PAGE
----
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|Publisher’s Annotation:||This widely used standard work provides an easy-to-read and practical introduction to all relevant topics in biological psychology. The focus of the book is on the behavioral and integrative approach of biopsychology. The integration of the overarching topics of “Evolutionary Psychology,” “Clinical Psychology,” “Cognitive Neuroscience,” and “Foundations of Biopsychology” is made transparent to the reader through special emphasis on the topics in the text and chapter summaries. The theoretical foundations are underpinned and illustrated by numerous clinical case studies and examples from students’ experiences. As a result, the book is ideal for self-study in addition to lecture-based reading.|
|Keywords:||Memory, biology, brain, physiology, behavior.|
Books: Psychology / Education: General Psychology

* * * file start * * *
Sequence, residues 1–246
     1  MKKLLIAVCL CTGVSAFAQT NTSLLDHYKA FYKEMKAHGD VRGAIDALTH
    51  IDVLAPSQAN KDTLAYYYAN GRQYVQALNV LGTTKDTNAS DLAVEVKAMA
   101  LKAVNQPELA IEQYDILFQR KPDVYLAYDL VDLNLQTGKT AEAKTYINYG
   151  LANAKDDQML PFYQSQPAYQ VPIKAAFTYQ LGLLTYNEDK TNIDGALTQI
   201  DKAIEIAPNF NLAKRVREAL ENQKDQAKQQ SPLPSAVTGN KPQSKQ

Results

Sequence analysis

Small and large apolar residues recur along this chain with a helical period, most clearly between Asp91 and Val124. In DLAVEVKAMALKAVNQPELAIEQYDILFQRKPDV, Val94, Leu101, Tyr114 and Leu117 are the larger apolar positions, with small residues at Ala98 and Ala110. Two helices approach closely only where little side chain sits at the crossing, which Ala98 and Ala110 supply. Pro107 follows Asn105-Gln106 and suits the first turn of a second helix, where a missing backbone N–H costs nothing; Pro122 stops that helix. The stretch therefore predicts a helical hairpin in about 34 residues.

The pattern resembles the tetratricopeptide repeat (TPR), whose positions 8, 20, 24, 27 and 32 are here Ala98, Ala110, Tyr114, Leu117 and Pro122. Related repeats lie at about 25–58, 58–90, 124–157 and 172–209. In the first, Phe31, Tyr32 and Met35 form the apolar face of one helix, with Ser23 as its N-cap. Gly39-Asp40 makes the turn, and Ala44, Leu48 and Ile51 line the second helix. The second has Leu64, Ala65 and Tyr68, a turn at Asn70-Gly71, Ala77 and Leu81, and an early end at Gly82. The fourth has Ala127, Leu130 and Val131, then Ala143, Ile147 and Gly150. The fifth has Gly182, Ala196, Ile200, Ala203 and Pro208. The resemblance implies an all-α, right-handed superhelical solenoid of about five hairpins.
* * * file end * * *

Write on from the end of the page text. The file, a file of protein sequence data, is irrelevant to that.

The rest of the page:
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Cancellation Policy Right of withdrawal Return Policy You have the right to cancel this contract within fourteen days without giving any reason. The withdrawal period is fourteen days from the day (1). To exercise your right of withdrawal, you must inform us (2) by means of a clear statement (eg a letter sent by mail, fax or e-mail) of your decision to revoke this contract. For this purpose, you may use the enclosed sample revocation form, which, however, is not mandatory. (3) In order to comply with the revocation period, it is sufficient that you send the notification of the exercise of the right of revocation before the expiry of the revocation period. Consequences of revocation If you revoke this contract, we shall reimburse you all payments we have received from you, including delivery costs (with the exception of additional costs resulting from the fact that you have chosen a type of delivery other than the most favorable standard delivery offered by us), without undue delay and no later than within fourteen days from the day on which we received the notification of your revocation of this contract. For this repayment, we will use the same means of payment that you used for the original transaction, unless expressly agreed otherwise with you; in no case will you be charged for this repayment. End of cancellation policy Show cancellation form Every thought, feeling and behavior has a biological correlate, a physical basis that we can explore. Learn more about biopsychology and the relationship between mind and body here. Sometimes psychology and its concepts seem a bit abstract. Understanding beliefs, emotions, and behavior may seem more philosophical than mundane. However, the truth is that every inner process has a physiological correlate, that is, a representation in the body and in biology that explains why it takes place. And this is what Biopsychology studies. This sub-discipline of psychology analyzes how the healthy brain functions, as well as the factors involved in diseases such as dementia, neurodevelopmental disorders, and depression. In short, the Biopsychology seeks to understand how the brain, nervous system, and neurotransmitters influence mental processes.